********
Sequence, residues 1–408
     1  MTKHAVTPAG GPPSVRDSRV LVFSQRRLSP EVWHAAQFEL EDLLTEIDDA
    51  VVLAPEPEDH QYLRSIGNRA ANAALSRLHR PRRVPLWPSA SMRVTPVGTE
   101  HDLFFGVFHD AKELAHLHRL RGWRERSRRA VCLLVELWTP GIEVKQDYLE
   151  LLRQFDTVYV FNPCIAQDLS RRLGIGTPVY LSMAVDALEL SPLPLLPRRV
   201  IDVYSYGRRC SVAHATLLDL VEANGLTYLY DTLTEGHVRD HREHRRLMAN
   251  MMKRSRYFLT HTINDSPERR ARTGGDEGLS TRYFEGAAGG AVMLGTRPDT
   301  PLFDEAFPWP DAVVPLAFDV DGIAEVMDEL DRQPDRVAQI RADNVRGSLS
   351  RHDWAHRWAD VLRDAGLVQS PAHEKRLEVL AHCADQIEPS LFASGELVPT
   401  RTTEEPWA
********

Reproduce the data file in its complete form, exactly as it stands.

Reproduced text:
Sequence, residues 1–408
     1  MTKHAVTPAG GPPSVRDSRV LVFSQRRLSP EVWHAAQFEL EDLLTEIDDA
    51  VVLAPEPEDH QYLRSIGNRA ANAALSRLHR PRRVPLWPSA SMRVTPVGTE
   101  HDLFFGVFHD AKELAHLHRL RGWRERSRRA VCLLVELWTP GIEVKQDYLE
   151  LLRQFDTVYV FNPCIAQDLS RRLGIGTPVY LSMAVDALEL SPLPLLPRRV
   201  IDVYSYGRRC SVAHATLLDL VEANGLTYLY DTLTEGHVRD HREHRRLMAN
   251  MMKRSRYFLT HTINDSPERR ARTGGDEGLS TRYFEGAAGG AVMLGTRPDT
   301  PLFDEAFPWP DAVVPLAFDV DGIAEVMDEL DRQPDRVAQI RADNVRGSLS
   351  RHDWAHRWAD VLRDAGLVQS PAHEKRLEVL AHCADQIEPS LFASGELVPT
   401  RTTEEPWA